On Saturday, April 28th, the University of Connecticut Administrator Preparation Program (UCAPP) held their 4th Annual Change Project Day at Laurel Hall on the UConn Storrs Campus. The Change Project is the capstone for the School Administrator’s 6th year certificate program, through which students identify opportunities for school improvement and develop a plan to ignite positive change in their home or mentor school.
This year, 37 graduating students presented their final projects to their host school mentors, clinical supervisors, UCAPP faculty, colleagues, friends and family. The reach of these projects went far beyond the presentation day, as they were put in practice, and directly impacted 4,500 students and 620 educators throughout Connecticut. Beyond the impact on students and educators, the UCAPP graduates gained learning that was not only supported by what they were exposed to in UCAPP coursework, but from first-hand administrative experience.
“I learned from the change project how important it is to build relationships as a leader, to support teachers and build capacity, as well as developing professional learning opportunities that are more meaningful and individualized for teachers,” offered UCAPP graduate, Lauren Poppe, regarding the experience.
Poppe’s project was centered around “Teachers Invested in Learning.” For which, she put together a book club after school for teachers that were interested in learning and growing together. The teachers met once a month to discuss the book, Joy Write by Ralph Fletcher, as well as to share student work, things they tried, and any ideas they had moving forward. Poppe explains that she developed this topic because, “Teachers were often expressing how they feel like they do not have enough say in their own learning, the curriculum they are teaching and many felt like there was little joy in the classroom for students and teachers.”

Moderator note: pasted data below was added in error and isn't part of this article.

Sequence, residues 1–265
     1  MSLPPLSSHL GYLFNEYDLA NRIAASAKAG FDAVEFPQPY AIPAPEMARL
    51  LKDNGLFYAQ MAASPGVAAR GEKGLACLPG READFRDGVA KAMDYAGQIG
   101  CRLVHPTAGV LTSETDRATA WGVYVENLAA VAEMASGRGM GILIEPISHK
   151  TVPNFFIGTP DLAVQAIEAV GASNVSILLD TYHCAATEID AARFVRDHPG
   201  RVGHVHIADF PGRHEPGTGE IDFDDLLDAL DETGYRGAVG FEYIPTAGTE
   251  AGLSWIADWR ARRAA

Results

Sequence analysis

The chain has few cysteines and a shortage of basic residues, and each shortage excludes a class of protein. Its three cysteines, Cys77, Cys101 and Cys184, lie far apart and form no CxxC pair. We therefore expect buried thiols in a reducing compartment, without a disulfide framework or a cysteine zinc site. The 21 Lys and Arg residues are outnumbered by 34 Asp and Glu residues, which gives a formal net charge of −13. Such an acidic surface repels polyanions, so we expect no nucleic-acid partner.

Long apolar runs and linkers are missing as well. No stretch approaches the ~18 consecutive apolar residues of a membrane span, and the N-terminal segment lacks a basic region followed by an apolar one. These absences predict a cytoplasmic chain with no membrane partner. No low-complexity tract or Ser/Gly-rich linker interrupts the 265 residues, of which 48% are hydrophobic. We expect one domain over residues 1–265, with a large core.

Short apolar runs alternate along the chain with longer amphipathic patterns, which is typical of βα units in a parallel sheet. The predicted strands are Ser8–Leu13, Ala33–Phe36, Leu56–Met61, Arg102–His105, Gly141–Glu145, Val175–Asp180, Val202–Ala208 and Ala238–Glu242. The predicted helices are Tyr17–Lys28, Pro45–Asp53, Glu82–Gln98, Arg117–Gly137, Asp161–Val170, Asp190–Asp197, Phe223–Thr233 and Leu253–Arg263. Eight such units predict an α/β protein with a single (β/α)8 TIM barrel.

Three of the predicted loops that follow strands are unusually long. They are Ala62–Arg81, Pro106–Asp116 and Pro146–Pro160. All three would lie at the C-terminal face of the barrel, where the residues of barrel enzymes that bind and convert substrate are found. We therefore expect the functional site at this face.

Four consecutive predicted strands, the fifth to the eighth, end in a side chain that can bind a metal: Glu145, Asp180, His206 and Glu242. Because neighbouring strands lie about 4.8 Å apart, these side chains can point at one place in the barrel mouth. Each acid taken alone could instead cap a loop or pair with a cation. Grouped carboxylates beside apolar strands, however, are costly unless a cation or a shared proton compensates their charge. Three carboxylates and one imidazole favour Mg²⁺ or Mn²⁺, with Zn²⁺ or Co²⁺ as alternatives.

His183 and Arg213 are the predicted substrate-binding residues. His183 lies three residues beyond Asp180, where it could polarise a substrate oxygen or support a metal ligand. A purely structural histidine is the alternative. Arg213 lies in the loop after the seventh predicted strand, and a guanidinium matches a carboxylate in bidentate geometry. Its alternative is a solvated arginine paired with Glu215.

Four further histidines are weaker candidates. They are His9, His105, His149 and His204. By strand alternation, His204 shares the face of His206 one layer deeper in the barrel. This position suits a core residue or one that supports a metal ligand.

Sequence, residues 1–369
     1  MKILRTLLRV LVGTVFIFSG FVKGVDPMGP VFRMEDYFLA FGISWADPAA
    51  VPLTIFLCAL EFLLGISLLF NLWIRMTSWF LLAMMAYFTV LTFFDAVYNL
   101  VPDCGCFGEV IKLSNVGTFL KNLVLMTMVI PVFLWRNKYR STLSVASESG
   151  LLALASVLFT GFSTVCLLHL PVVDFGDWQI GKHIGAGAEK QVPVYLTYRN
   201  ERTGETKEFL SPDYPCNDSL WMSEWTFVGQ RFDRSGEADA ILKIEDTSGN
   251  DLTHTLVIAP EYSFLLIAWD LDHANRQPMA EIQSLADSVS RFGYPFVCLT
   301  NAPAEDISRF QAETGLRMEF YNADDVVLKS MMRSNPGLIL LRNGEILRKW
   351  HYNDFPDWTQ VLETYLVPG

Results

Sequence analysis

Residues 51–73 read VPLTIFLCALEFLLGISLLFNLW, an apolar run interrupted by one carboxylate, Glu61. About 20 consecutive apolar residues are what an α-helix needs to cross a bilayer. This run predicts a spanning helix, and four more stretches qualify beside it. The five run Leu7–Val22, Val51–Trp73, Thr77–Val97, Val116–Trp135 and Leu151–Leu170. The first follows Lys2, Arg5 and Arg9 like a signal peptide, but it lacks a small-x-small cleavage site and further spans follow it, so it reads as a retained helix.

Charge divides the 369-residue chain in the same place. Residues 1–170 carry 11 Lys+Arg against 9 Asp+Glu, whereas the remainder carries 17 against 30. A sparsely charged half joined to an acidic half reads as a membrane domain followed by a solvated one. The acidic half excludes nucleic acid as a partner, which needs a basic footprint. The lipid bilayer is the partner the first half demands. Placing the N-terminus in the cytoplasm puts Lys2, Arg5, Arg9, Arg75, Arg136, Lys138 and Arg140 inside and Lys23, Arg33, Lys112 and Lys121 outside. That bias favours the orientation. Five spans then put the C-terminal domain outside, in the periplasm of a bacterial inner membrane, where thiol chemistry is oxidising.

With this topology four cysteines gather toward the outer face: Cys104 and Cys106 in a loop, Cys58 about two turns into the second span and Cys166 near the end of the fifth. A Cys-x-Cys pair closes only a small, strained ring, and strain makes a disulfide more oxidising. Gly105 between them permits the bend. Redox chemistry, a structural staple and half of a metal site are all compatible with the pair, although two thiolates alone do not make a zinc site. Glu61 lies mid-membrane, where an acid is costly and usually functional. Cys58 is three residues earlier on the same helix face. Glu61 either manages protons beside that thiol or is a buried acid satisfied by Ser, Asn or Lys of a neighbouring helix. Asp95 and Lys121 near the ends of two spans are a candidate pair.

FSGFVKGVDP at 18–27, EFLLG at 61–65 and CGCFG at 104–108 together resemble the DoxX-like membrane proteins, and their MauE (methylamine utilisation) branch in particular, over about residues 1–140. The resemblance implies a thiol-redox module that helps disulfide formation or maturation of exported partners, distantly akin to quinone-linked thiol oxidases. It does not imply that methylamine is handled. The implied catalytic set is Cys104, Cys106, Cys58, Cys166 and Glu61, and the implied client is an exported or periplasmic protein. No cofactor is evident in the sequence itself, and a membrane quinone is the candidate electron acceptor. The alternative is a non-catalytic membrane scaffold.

Hannah Sam, a UCAPP graduate, worked on getting higher rates of students to complete service hours with 8th grade capstone projects. Sam learned the importance of investing in appropriate structure to enact positive change, how to evaluate the big-picture in relation to student success, how to delegate based on strengths and empower team members, and how to involve parents and community members.
UCAPP graduate, Sara Spak, focused her project on the high school level. She worked with school and student leaders to add a “flexible block” of time in the school schedule to allow students to have choice in their educational decisions. She assisted in the design and implementation of a pilot offering 4 Flex Block opportunities in the Ellington High School schedule. Survey results completed by both students and teachers provided positive feedback and suggestions that led to full implementation of Flex Block for the upcoming school year.
“Giving students choice is powerful and allows students to find passion and voice in their learning.”
Spak learned about the importance of listening to students in addition to educators as an administrator. She explains, “Giving students choice is powerful and allows students to find passion and voice in their learning. This committee was led by 4 incredible student leaders who represented the voice of students throughout Ellington High School in a positive and meaningful way. Their perspectives were thought-provoking and challenged adults on the committee to think outside of the box and to impart change that did not conform with traditional norms.”
While all unique, each UCAPP Change Project was consistent with the program’s mission of preparing highly qualified school leaders to promote equity and excellence in schools throughout Connecticut. Therefore, exemplifying the readiness of the UCAPP program graduates to foster positive change in their new career path.
Sarah Barzee, Chief Talent Officer at the Connecticut State Department of Education delivered the keynote speech prior to the morning presentations. The event was a great opportunity for UCAPP graduates to present their capstone projects as well as learn from recent alumni and new school leaders.
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